Not always straightforward

During my Garden Bioblitz of the the 6th June, I found a moth case on a cotoneaster leaf. I tried to identify it by using this webpage and I thought it looked most like Coleophora trigeminella. I was very excited by this as the species hasn’t been recorded on Cotoneaster in the UK before, only in Europe. Could I have discovered a new foodplant for this species in Britain?

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I emailed the Surrey moth recorder, Mr Graham Collins, with news of my finds. I asked him whether it was likely to be Coleophora trigeminella or something else. He kindly responded saying that he didn’t think that the larval case belonged to this species but Coleophora serratella which is ‘probably the commonest species of British Coleophorid’ according to the UK Moths website. I was quite disappointed!

However, why was it on a cotoneaster leaf? The larvae usually feed on hazel, birch, elm or alder. It is most likely that the larvae fell from the foodplant (there is a birch tree straight above the cotoneaster) on to the leaf where it formed the case, or the larvae wandered off the leaf looking for a better place to create its case.

When I returned to the same leaf nearly a fortnight later, on the 18th June, I was given a huge surprise. The adult moth had emerged from the case overnight and was resting parallel to the case! It was so fresh in fact that the antennae were not resting forward in the typical coleophorid fashion but running backwards along the body! I sent this photo to Mr Collins.

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I thought that it was too light for Coleophora serratella and the ochre colour matched Coleophora trigeminella. Could I have found a species of moth that hasn’t been seen in Surrey for nearly half a century? Unfortunately that was not to be the case. Mr Collins responded writing that he now thought that the moth is either Coleophora flavipennella or Coleophora lutipennella. The larval stages of both of these moths feed on oak leaves, which makes sense as there are several large oak trees which also have branches above the cotoneaster bush. The larva probably fell from the leaves.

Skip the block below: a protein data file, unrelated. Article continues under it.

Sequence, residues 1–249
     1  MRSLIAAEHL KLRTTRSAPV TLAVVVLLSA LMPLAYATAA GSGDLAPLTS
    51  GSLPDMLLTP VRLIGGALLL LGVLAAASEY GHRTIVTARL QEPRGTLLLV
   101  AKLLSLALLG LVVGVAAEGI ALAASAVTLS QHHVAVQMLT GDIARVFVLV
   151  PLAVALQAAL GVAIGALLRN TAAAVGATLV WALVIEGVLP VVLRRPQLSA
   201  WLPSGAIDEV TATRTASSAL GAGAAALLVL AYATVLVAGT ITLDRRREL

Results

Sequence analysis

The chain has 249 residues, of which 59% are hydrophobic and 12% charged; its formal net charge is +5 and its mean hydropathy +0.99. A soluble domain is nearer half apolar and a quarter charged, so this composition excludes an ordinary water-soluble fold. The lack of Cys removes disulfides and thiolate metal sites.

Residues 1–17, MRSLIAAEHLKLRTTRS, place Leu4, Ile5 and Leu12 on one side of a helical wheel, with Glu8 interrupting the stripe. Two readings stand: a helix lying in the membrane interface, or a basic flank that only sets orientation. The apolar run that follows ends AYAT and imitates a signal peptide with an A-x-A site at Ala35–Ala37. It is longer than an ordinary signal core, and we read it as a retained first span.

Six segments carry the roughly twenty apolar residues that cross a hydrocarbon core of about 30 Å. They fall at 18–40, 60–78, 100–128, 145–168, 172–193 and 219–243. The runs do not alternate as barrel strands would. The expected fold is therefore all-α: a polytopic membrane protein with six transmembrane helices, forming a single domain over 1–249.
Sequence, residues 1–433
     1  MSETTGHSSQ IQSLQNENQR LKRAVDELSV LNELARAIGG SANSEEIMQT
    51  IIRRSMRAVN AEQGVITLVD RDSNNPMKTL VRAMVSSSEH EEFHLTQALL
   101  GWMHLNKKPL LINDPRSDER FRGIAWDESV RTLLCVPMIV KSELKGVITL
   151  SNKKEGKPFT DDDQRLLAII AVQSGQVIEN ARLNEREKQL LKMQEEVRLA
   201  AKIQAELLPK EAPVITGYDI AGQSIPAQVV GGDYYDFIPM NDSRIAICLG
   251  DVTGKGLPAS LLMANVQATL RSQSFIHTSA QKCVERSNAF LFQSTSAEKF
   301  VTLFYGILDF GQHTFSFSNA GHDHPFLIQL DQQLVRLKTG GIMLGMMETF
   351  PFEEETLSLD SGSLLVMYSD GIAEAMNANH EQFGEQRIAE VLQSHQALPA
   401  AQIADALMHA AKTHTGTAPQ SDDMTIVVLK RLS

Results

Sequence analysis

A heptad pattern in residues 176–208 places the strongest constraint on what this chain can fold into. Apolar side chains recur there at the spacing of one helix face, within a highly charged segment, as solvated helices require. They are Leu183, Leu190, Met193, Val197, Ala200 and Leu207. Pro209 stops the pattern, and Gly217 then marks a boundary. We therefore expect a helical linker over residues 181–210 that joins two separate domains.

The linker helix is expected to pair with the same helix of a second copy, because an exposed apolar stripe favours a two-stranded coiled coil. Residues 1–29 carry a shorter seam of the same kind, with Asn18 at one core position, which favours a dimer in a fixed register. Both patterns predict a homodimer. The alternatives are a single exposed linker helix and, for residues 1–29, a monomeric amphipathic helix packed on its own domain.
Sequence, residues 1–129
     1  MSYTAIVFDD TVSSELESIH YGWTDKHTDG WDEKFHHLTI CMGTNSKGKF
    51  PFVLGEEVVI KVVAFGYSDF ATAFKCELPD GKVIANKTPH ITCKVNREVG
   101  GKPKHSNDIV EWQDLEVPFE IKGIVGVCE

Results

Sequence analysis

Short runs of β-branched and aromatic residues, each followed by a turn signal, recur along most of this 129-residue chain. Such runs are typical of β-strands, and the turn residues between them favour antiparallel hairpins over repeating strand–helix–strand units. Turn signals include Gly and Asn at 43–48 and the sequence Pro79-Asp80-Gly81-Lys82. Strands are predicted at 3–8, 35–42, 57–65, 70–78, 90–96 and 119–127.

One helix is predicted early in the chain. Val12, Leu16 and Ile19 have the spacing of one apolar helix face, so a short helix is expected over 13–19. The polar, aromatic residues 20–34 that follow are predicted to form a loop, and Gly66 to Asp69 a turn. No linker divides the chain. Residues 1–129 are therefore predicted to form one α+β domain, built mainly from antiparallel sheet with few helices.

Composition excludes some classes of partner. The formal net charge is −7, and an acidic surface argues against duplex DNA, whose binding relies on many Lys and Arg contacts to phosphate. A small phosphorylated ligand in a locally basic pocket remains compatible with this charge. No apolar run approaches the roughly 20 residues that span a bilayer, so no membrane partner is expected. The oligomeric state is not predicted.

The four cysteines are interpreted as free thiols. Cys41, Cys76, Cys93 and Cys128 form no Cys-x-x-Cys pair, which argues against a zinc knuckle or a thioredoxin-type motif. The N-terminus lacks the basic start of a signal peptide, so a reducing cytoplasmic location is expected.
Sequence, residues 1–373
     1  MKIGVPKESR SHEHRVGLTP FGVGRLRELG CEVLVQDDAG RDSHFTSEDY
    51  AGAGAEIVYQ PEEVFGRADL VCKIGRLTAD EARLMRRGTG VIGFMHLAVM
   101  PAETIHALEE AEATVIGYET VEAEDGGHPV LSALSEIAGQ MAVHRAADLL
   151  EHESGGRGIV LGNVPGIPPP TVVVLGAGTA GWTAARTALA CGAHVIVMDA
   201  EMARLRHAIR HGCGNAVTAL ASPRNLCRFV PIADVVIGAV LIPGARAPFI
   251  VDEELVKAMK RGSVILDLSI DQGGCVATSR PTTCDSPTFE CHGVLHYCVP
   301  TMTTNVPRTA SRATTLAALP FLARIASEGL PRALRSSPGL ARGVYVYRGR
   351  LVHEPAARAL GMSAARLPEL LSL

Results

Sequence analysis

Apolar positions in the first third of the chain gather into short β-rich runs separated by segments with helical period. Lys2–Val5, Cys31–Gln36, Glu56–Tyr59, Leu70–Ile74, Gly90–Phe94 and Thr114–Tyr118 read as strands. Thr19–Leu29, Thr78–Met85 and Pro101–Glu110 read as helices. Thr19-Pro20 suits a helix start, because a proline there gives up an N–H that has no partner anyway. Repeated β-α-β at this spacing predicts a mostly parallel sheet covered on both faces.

However, it is not possible to separate moths of those species without examination of the genitalia. For this I sent the moths off to Mr Collins by post and he kindly looked at them under the microscope. The genitalia point to Coleophora flavipennella, which I think might be the least common of the pair although I am not certain. The genitalia of C. flavipennella look like this:

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Compared to the genitalia of C. lutipennella:

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There is quite a lot of difference! This is a new species for me and I hope this blog post shows that often identification is not that straightforward.

(genitalia photos from http://www.mothdissection.co.uk)

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1 Garden, 24 Hours, 184 species!

…and counting! Last Sunday, the 5th, I took part in the Garden Bioblitz for the first time. The aim of a bioblitz is to record every species you find in an area within a period of time. For the Garden Bioblitz, you record every species you find in your garden during a 24 hour period.

To begin my Garden Bioblitz I looked through the moth trap from the previous night. There was a very wide range of species, including 23 that were new to me. The highlights were:

  • Great Oak Beauty – annual in Domewood, but Nationally Scarce B (NB).
  • Cacao Moth – usually found indoors in stores of products such as nuts, almonds, tobacco and cacao. I’ll be checking my muesli from now on…
  • Scorched Wing – a beautiful moth which is also classed as Local. There were 8 in the trap.
  • Peach Blossom – a great moth with a great name although quite common.
  • Cypress Carpet – quite an uncommon moth, which arrived in Britain through its host plant, cypress. There are lots of Lawson Cypress trees in the garden which probably explains its occurrence here.